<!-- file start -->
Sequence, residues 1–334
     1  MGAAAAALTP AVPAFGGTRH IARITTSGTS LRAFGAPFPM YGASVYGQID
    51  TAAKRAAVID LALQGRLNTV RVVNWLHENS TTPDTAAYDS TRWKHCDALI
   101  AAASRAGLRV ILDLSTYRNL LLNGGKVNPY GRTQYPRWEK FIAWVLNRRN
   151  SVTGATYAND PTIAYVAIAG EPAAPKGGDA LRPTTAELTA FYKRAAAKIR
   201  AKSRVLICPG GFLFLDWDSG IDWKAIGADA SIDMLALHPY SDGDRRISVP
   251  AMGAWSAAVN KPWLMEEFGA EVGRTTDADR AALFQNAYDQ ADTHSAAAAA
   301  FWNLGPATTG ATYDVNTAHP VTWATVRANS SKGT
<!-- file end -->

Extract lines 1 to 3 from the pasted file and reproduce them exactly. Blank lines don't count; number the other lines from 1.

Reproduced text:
Sequence, residues 1–334
     1  MGAAAAALTP AVPAFGGTRH IARITTSGTS LRAFGAPFPM YGASVYGQID
    51  TAAKRAAVID LALQGRLNTV RVVNWLHENS TTPDTAAYDS TRWKHCDALI